What always amuses me is that a great many theists (even those that seem rational) are taken with the notion that current models of physics and cosmology justify their beliefs. Mostly these are founded upon misinterpretations of these models, actually.
This is the "layman's" interpretation of the current state of cosmology: - There was an event (the big bang) that caused the universe.
The theists in question here then make the (completely unfounded) statement that god is the first cause (by no means demonstrated, and certainly doesn't favor a personal god over a nonpersonal god).
The actual situation is a terribly difficult one, and this layman's interpretation is a vast oversimplification.
1. Let's take the word "caused" to begin with. "Cause" implies that there is a sequential nature to events. That is, they are time-ordered. However, if there is no time, then there can be no causality (this is self-evident if you think about it). Asking what came "before" the big bang, or what "caused" the big bang, is like asking "what is north of the north pole"? (Thanks to Hawking for this wonderful analogy). As soon as you start going "more north" than the north pole, you start moving south again because you're constrained to the surface of the sphere. So the question is a nonsensical one from the get-go.
2. A proper theory of gravity (incorporating quantum mechanics) will necessarily be acausal below some time scale, unless general relativity is wrong altogether (which I don't see evidence of). Despite the protestations of certain people, this is the current consensus (and this is also a self-evident conclusion if one takes the merger of general relativity and quantum mechanics seriously).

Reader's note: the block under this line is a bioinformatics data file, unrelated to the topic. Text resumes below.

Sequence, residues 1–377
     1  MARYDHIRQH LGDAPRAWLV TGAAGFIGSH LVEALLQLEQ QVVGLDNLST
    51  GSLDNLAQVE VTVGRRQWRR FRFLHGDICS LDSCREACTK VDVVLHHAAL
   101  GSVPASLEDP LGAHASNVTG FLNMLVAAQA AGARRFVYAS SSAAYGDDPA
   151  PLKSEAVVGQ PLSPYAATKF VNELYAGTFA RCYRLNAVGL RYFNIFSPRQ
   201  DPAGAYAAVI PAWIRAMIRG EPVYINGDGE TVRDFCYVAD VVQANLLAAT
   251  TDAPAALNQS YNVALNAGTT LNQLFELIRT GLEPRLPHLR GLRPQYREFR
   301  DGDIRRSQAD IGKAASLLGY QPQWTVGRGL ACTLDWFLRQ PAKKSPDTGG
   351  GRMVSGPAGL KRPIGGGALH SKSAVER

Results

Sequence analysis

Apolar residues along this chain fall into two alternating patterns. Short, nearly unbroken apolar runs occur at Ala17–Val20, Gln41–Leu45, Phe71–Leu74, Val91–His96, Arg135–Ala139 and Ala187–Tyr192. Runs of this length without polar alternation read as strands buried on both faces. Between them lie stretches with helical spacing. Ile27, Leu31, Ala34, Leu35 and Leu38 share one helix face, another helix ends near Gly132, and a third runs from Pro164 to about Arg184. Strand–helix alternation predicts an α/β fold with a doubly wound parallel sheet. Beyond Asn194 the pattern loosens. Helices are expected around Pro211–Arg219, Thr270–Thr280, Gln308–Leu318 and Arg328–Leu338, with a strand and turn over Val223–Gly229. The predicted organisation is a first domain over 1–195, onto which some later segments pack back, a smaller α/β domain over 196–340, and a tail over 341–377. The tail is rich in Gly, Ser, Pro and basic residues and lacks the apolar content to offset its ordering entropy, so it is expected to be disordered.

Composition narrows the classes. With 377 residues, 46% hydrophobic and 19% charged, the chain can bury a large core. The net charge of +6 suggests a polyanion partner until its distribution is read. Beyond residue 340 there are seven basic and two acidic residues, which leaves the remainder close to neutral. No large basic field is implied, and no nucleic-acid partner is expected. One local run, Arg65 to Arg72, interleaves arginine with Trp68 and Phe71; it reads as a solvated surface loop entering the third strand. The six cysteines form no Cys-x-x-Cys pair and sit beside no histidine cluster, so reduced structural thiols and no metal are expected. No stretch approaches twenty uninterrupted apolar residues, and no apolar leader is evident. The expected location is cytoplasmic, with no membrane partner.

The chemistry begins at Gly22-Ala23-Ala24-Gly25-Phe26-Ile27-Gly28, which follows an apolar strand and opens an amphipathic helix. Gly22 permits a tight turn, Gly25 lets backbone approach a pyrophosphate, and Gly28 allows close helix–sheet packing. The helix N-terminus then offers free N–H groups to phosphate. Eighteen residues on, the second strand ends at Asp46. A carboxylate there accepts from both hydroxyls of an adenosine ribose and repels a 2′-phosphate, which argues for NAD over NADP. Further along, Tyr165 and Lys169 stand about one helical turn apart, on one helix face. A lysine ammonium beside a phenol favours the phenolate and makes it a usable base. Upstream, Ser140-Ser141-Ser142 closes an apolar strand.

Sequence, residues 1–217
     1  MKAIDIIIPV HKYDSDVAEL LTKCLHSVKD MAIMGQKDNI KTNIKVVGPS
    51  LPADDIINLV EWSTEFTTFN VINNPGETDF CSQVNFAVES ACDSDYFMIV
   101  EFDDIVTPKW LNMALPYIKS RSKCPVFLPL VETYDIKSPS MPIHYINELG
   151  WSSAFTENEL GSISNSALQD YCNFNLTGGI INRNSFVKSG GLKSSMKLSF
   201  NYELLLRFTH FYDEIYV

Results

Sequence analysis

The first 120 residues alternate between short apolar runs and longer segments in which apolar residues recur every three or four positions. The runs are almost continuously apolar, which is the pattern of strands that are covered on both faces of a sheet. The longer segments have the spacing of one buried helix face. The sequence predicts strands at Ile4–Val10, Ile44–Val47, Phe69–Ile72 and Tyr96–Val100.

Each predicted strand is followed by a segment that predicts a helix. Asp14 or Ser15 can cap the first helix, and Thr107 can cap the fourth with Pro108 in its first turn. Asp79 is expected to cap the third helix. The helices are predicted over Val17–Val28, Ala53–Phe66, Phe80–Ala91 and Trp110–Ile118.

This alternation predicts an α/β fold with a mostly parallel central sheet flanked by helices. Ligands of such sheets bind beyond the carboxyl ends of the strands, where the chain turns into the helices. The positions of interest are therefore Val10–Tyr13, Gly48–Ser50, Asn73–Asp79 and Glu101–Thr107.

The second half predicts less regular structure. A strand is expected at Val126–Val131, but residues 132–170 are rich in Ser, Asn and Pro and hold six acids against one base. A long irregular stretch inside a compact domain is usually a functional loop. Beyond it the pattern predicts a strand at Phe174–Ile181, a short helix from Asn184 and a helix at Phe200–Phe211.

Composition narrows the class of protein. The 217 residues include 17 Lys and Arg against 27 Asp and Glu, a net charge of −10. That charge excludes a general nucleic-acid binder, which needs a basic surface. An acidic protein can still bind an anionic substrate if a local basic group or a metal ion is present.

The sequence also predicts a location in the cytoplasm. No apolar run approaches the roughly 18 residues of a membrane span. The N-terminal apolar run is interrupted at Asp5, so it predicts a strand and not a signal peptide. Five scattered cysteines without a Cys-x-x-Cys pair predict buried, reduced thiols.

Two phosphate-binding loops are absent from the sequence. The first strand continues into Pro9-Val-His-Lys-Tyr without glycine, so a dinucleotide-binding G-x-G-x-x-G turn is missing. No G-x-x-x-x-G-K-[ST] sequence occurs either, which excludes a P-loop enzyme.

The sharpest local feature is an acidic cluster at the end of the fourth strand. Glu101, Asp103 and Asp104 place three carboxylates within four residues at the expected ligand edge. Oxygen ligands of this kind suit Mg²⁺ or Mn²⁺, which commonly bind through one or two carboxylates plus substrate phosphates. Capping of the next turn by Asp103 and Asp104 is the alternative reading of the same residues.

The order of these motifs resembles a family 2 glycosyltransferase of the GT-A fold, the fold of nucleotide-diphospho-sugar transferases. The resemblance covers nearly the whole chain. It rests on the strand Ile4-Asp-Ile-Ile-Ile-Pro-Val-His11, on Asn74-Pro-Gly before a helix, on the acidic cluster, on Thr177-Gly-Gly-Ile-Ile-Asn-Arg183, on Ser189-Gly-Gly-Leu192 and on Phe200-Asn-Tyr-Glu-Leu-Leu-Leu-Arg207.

3. The current models of "the big bang" actually only say that the observable universe, at some point around 13.7 billion years ago, was a very hot, dense entity which rapidly expanded and then cooled. It actually says absolutely nothing about what happened "before" this event (if such a concept is valid to begin with). There is absolutely nothing in the observable universe that currently states that the universe had a beginning. The current state of the art is that this question is, at present, unknown. An eternal universe that had a portion rapidly expand is completely adequate to explain everything we see in nature. There are a plethora of models that do not rely upon a "beginning" to the universe at all, ranging from cyclic universes in string theory involving brane collisions in higher dimensions, to a multiverse hypothesis. At present none are particularly preferred, but there are actually experiments that can be created to test these hypotheses (for instance, the LISA experiment will look for standing gravity waves to probe the structure of the early universe).
Because of 1 + 2 above, philosophizing about the nature of the origins of our universe is pretty difficult. Philosophy already assumes a causal relation of events. As I've argued, when dealing with the early universe, this may not be (and probably IS not) a good assumption.
Because of 3 above, in any case, even assuming a causal nature of events in *some* sense, the beginnings of the universe are still very much an open question with no resolution (CERTAINLY none that support the Christian ideas of a creator deity that takes a personal interest in day-to-day life and morality).
Subsequently, it always amuses me when theists oversimplify the situation and select the portions of it that support their presupposed "conclusion" (this should start ringing bells in any scientific mind).
I hope this sets the record straight and I've convinced the amateurs that they're really barking up the wrong tree. I have a feeling it won't, because human beings are necessarily terrible at intuitively grasping things outside of macroscopic physics, since they have no direct experience with the consequences of any other type of reality. Suffice to say that reality is a great deal more complicated than that, and one must abandon intuition to make any headway at all. But at least I gave it a shot.
by Rappoccio of AvC